Way Past Cool is the story of 13-year-old boys who live alone in abandoned buildings, of 16-year-old single mothers, and of lives that make kids old by the time they graduate from junior high... if they live that long.
This novel stars Gordon, who at the age of 13, leads his gang through the deadly streets of West Oakland, California. He carries a gun, has seen more people die than a Vietnam platoon leader, and can out-swear a dozen sailors. Gordon is backed by Lyon, a fragile-looking soft-spoken boy whose forays into mysticism have given him a spirituality that belies that fact that he'll blow your head off if he has to. Gordon's gang, known as The Friends, live in a state of tense coexistence with The Crew. The tenuous peace of their neighborhood is broken by Deek, a drug dealer whose bodyguard, Ty, is trying to protect his own little brother from the street life. Deek is trying to sell guns to each gang in hope of escalating their turf rivalry into real war... for his benefit. On the sidelines sit the police. The ones who aren't actually on the take are happy to let the kids kill each other off.
Throughout this story of despair, violence, and hopelessness, runs a thread of human feeling and power that prevails even over the horrific reality of the characters' lives. The connection between the members of the gang is one of mutual survival, and of kids trying to meet each other's emotional needs without "proper parental guidance" or decent societal role-models. These young boys are violent, vulgar, and perceived by most of mainstream society as a lost cause, yet there is something uniquely human about them... all children are born knowing how to love, but must be taught how to hate. In a way that many "kinder and gentler" people will never understand, they love each other, and in each other they find hope.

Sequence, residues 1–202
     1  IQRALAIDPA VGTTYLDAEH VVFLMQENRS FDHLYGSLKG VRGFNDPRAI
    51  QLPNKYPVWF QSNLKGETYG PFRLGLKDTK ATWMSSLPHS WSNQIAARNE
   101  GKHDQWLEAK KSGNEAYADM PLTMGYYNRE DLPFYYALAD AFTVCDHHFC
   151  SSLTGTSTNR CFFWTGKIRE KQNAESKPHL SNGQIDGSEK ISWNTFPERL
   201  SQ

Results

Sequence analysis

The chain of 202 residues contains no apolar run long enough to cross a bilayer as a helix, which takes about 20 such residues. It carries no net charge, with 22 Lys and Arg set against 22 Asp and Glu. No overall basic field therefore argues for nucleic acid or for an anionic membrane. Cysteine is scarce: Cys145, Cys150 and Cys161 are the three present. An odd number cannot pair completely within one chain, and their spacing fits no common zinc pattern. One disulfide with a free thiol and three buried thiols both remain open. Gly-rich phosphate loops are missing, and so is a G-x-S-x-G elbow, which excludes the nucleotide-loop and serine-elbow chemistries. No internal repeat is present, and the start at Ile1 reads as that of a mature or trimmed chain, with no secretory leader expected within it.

|Product dimensions:||5.25(w) x 8.00(h) x 0.52(d)|
Read an Excerpt
"Gordon! GUN!" screamed Curtis, diving off his skateboard onto trash-covered concrete.
Gordon dove from his board too, all 180 pounds rolling and skidding then scrambling warp-seven behind a dumpster as a full-auto fired from a battered black van. Velcro ripped and his backpack burst open. Books and a binder tumbled out. Another gun joined the first, a rhythmic steely stutter of Uzis in chorus. Bullets pocked brick, sending chips whizzing and spattering to a whine of ricochets that sounded just like the movies. The dumpster rang dully as silver dents stitched its rusty sides.
Gordon was a born leader, first to risk his butt, with a natural balance of brains and balls tempered by a healthy helping of fear. As with all good leaders, his decisions came fast under fire; if they happened to be the right ones, so much the better. But there were times when a gang leader had to do stupid things--like jumping to his feet and offering his head and shoulders as an easy target while he cupped his hands to his mouth and bawled, "DOWN, suckers!"
The warning wasn't needed: the other boys had already scattered among garbage cans, their boards abandoned and darting away as if seeking cover too. Gordon's stupidity would be remembered later as cool, though he never considered that. In another sort of war he might have won a medal.
The auto-fire cut off: thirty-two-round magazines emptied fast at 550 rounds per minute, as most kids in West Oakland knew. It was as if somebody had switched on silence. Gordon jerked the old .22 pistol from the back of his jeans and got off three quick shots in the van's general direction before the worn-out little gun jammed. Itspopping sounded weak and wimpy after the 9mm Uzi snarls.
But the van peeled away, rubber screeching and blue smoke blasting from rusty chrome side pipes. Gordon cursed and beat the gun's butt on the dumpster lid. It fired again, once, defiant now in the sudden morning stillness. Brick dust puffed from a building across the street, and a window nearby slammed shut. The van's engine roar faded up the block. Tires squealed as the van got sideways around the corner.